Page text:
The corporate greed demonstrated by the numerous scandals emphasizes the need for ethical accounting. Ethics is a significant issue in accounting as it is difficult to eliminate greed. For instance, a lax ethical framework is a primary reason for the development of the Enron scandal. Conversely, Madoff perceived financial fraud as a victimless white-collar crime as no one was physically harmed. Also, some of the scandals are attributed to the ignorance of some accountants who did not keep up with the changing regulatory framework.

Most unethical actions in accounting involve fraud and cheating. Cafferky, states that most accounting scandals start with the falsification of accounting and other management records, and the most complex ones such as the illegal financial schemes required collusion. Individuals who cheat attempt to live above certain rules. The presence of cheating indicates other entities obey the set rules, but one of them is trying to gain an unfair advantage. Issues that may arise from such deception in the accounting and finance field include insider trading, mortgage banking lapses, and back-dating stock options. These deceptive actions are also in violation of different state and federal laws, which implies that they are criminal activities.

Persons who commit fraud exploit legal lapses and are driven by greed. They usually pursue opportunities that will result in personal gain and hope that their actions will remain undiscoverable . Alternatively, other persons such as Bernie Madoff may build their entire business around a fraud and take advantage of people in a systematic way.

A majority of individuals who commit fraud are often undergoing financial pressure or may have aggressive performance goals in which they perceive failure as unacceptable. Jennings, states that the pressure often leads to behavioral characteristics that demonstrate stress. Some of the stress indicators that are associated with people with a high risk of committing fraudulent acts include: living beyond someones means, financial difficulties, unusually close relationships with customers, family problems, unwillingness to share responsibilities with others, irritability, addiction issues, and suggesting unrealistic money-making schemes.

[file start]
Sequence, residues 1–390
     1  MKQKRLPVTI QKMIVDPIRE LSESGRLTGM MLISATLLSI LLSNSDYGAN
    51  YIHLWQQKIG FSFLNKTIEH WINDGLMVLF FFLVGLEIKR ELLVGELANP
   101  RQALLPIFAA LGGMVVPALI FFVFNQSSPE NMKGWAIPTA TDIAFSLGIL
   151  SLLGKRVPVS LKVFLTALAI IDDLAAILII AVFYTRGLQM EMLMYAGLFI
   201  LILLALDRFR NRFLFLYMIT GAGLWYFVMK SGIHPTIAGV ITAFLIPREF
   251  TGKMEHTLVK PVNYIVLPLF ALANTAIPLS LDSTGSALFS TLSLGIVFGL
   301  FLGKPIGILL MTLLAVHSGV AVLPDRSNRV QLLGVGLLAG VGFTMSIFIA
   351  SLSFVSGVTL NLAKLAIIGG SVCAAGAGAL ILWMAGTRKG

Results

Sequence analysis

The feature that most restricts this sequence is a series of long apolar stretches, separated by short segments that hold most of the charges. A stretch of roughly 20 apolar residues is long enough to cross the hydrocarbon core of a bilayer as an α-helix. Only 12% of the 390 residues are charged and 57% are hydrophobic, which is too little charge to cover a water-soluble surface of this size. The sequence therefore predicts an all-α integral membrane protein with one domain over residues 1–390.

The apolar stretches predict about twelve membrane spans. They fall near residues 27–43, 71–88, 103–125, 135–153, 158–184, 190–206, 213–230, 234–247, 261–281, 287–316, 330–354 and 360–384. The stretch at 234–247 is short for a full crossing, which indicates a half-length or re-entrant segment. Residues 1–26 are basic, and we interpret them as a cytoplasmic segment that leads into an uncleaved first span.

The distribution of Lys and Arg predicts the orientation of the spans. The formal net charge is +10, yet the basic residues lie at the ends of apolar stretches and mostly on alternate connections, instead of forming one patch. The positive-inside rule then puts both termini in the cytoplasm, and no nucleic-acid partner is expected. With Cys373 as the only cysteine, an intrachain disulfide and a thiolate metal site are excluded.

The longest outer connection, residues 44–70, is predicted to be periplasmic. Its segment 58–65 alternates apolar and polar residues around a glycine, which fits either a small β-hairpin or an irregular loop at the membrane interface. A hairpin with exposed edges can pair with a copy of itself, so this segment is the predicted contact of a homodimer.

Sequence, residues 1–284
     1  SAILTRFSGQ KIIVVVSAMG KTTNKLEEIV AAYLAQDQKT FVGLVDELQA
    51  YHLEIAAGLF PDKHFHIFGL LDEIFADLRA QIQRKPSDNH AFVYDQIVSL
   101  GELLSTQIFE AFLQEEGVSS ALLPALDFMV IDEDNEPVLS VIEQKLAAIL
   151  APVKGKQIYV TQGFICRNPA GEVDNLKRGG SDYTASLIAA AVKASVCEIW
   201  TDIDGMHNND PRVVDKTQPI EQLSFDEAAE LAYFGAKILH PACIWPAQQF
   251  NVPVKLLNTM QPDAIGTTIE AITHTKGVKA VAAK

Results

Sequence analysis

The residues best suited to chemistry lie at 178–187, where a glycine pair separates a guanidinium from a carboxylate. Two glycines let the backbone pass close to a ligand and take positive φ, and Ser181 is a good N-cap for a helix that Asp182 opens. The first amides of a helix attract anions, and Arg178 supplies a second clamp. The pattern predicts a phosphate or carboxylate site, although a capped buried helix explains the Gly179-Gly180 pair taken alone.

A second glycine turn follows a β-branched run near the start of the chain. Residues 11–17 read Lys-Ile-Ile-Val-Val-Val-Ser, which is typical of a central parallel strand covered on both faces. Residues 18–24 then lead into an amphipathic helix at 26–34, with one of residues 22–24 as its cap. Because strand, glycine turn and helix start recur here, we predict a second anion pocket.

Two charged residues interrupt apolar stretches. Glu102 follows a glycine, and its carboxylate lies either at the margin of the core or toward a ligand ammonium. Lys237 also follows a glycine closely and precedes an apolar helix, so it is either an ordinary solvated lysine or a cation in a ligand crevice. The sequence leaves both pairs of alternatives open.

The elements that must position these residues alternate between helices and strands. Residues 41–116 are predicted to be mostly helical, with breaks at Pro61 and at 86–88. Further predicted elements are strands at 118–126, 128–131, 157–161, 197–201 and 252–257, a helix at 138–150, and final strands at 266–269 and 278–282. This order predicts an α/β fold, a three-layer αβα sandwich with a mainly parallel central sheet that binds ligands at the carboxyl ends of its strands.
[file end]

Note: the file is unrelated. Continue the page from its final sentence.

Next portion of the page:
The prevention of the white-collar crimes associated with the accounting profession requires a good understanding of law and ethics. However, it is noteworthy that the emphasis on following legal frameworks and professional codes of conduct has not led to a decline of executives facing prison sentences and hefty fines due to their violation. The huge cost of debt among working professionals and new students is a major factor that contributes to financial issues that often lead to the adoption of deceptive practices or fraudulent activity. From a biblical perspective, dishonest accounting practices and fraud go against the ethical standard of commitment. Individuals take a short-term outlook and disregard the responsibilities present in the relationships created with different stakeholders in an entity; thus, prioritizing on self-interest. Pursuing personal gain reflects that an official wishes to benefit from the relationship rather than pursue common goals.